Q.2 (a) Discuss the duties of an exporter under FOB and CIF contract. Describe the major legal implications of FOB contract. (10)
Ans) FOB Contract: A FOB contract is a written agreement between two parties for the sale of goods. In accordance with the terms of this agreement, the seller will deliver and load the goods at his own expense on a ship in order to ship them to the buyer. It is important to remember that the seller will only cover the costs associated with loading the goods. Additionally, the risk is transferred to the buyer the moment the goods are loaded onto the deck. As a result, he will be liable for the freight, insurance, and any additional fees.
Duties of the Seller
Careful loading of the goods onto the buyer-designated ship.
Paying the costs associated with loading the cargo.
Establishing a legal agreement with the shipping company in order to transport the goods and obtain a bill of lading. The agreement will be based on fair conditions.
Bill of lading is delivered to the customer.
Letting the buyer know about the shipment so he can insure the goods while they are being transported by sea.
CIF Contract: A CIF contract is a sales agreement that includes the cost of the goods, insurance, and shipping costs in the price. As a result, in these contracts, the buyer is responsible for paying the freight costs as well as the insurance during transit. This is so because the cost of the goods is increased by these fees.
Duties of the Seller
Preparing the sales invoice for the goods.
Delivering the goods to the shipping port
Obtaining an affreightment contract that provides for the delivery of goods to the agreed-upon location. To transport the goods and obtain a bill of lading, the seller will thus enter into a contract with the shipping business.
Getting an insurance policy and insuring items
Delivering shipping papers like bills of lading, invoices, and insurance policies to the buyer in a timely manner.
Legal Implication of FOB contract
Delivering the goods to the carrier completes the delivery. In other words, unless the seller has reserved the right of disposal over the goods, delivery to the carrier functions as delivery to the buyer.
A FOB contract's price includes all costs up to the point of loading the goods onto the carrier. Any costs incurred after that are the buyer's responsibility.
When delivery is complete, or when the goods are loaded onto the carrier, risks in the goods transfer from the seller to the buyer.
Normally, along with risks, ownership of the goods should also transfer from the exporter to the importer. A specific clause in the contract may postpone the passing of property.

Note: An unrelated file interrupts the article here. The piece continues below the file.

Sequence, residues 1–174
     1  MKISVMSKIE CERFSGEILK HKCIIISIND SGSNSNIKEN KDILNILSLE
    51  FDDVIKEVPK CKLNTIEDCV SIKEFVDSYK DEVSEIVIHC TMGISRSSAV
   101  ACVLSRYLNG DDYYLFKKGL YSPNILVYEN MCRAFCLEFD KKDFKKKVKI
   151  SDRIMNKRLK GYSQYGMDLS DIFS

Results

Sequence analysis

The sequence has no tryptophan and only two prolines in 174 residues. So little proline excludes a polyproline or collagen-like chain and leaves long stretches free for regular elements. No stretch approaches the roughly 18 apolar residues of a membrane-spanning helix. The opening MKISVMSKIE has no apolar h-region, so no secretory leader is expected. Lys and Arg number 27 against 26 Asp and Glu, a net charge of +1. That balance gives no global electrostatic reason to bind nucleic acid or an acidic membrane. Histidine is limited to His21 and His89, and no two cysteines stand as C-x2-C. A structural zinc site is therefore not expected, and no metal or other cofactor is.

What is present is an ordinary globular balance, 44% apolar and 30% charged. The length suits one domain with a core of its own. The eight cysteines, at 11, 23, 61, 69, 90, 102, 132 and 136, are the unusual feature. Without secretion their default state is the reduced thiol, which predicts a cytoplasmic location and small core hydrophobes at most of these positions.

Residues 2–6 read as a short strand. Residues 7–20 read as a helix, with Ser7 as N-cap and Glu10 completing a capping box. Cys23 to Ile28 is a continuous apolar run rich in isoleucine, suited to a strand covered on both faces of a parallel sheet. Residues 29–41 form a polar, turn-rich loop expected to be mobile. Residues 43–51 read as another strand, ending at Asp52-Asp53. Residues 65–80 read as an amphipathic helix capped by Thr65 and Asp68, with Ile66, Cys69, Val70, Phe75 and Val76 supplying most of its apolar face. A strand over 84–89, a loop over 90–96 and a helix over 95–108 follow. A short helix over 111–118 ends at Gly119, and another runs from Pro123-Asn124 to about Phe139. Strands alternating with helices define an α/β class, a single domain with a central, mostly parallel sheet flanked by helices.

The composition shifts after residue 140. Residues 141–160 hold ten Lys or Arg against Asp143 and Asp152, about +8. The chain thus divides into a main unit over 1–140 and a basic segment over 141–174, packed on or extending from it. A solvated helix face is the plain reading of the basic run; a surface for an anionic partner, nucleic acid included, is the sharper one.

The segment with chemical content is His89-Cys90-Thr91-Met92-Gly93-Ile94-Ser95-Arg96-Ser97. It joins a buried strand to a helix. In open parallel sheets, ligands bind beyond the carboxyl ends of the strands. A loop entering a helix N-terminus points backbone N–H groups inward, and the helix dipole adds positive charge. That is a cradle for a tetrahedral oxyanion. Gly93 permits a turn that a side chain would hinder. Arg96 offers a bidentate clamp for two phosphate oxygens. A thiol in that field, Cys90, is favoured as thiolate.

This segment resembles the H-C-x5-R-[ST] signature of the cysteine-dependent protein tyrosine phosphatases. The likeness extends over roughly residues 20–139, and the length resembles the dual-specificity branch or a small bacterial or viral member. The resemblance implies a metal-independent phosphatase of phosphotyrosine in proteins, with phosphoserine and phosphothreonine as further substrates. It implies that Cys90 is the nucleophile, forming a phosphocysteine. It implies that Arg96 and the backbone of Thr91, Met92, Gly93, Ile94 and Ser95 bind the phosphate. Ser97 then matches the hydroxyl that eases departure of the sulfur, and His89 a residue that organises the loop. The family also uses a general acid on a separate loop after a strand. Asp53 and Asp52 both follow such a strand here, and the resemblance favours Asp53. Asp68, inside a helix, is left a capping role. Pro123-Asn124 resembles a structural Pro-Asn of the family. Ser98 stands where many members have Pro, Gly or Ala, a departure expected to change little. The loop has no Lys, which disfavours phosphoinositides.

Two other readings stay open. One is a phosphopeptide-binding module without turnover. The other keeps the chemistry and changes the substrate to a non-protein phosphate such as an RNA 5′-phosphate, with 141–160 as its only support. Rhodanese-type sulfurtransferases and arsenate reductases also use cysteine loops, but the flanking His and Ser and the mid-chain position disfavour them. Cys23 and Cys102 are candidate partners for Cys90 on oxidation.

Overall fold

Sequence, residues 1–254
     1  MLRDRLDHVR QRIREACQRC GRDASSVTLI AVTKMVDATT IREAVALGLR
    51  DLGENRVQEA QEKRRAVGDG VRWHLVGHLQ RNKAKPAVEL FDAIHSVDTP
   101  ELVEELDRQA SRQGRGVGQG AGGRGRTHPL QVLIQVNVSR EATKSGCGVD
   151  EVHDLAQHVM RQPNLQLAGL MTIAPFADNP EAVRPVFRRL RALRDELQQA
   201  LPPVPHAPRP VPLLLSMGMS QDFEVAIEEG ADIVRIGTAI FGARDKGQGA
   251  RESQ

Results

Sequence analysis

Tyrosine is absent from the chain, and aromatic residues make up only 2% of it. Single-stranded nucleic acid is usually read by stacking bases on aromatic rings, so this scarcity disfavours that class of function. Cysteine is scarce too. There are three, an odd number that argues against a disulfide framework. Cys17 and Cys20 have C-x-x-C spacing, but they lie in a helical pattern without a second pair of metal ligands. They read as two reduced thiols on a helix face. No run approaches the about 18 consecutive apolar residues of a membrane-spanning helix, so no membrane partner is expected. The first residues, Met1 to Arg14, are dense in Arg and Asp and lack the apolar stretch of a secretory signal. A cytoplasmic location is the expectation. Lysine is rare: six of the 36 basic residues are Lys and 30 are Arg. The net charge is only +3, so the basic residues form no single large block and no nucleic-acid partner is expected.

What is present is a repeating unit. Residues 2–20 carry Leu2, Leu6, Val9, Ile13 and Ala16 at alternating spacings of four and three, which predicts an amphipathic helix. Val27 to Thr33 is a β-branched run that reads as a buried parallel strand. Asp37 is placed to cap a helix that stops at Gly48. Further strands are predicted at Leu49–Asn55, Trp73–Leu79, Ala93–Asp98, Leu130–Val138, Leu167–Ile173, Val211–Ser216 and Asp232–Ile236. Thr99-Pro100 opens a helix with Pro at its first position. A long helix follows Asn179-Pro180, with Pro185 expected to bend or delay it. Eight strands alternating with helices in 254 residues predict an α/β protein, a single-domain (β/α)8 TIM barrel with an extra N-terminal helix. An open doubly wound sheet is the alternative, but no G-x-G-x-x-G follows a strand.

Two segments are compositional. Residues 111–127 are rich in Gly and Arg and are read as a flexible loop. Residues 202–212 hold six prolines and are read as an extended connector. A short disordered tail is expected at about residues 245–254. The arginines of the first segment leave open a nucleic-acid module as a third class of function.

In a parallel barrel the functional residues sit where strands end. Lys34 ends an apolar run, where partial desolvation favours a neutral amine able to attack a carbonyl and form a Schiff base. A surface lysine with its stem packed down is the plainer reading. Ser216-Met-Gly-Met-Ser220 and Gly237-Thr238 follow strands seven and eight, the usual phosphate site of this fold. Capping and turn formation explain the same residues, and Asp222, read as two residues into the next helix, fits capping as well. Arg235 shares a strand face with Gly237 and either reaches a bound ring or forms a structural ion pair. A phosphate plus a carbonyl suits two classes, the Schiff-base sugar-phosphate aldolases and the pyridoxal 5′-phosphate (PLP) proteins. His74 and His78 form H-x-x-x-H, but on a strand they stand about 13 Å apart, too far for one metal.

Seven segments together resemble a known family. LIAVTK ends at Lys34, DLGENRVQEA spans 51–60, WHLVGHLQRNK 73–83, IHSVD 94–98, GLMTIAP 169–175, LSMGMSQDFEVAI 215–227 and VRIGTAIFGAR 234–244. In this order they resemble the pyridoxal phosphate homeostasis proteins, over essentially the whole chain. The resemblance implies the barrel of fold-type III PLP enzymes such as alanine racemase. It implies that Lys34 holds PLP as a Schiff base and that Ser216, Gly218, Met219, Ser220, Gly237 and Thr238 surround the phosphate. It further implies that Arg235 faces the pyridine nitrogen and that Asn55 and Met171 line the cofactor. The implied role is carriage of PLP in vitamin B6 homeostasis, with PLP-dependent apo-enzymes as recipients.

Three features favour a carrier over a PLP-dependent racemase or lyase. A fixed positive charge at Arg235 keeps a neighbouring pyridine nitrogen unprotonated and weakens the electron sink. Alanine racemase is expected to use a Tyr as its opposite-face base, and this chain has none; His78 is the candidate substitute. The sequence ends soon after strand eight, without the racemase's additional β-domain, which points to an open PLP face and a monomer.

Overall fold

When the delivery is complete, payments become due. Property will typically only transfer when the buyer completes his obligations under the pertinent terms of the contract. Acceptance, for instance, of a Bill of Exchange that was submitted with a Bill of Lading or an Airway Bill.
(b) State the documents required for export. Discuss in detail the features of Commercial invoice and Bill of lading. (10)
Ans) Article 4 of the Uniform Customs and Practice for Documentary Credit states that all parties involved in credit operations deal with documents during credit operations rather than the possible goods, services, or other performances to which the documents may be related. Therefore, it is essential that the beneficiary submits documents that are in line with the letter of credit's specifications. Below is a discussion of typical documents mentioned in letters of credit:
Bill of Exchange
It is a document drawn by the seller of the goods on the buyer, instructing him to pay to or in accordance with the order of the drawer (i.e., the seller). The term "payee" refers to the recipient of the payment, who may be the drawer himself or a different party. For the majority of letters of credit, the exporter must draught the bill and submit it to the banker along with other supporting documentation. It is a piece of paper used to make arrangements for payment.
It is a content-based document. It includes information on the items sold, the price, and any additional fees that may be the buyer's responsibility. If the seller offers any discounts, that information is also included. A properly filled-out commercial invoice should be in accordance with the sale contract.
This gives details of the individual parcels/packets shipped to the buyer.
All letters of credit insist on the submission of documentary evidence to support the exporter's claim that the goods have been shipped because shipment is the most important requirement for payment. When sending goods by air, a bill of lading is issued. When sending goods by land, a railway receipt or truck challan is issued. Where the exporter opts for a multimodal transport system, a combined transport document is issued. These records are recognised as shipping proof.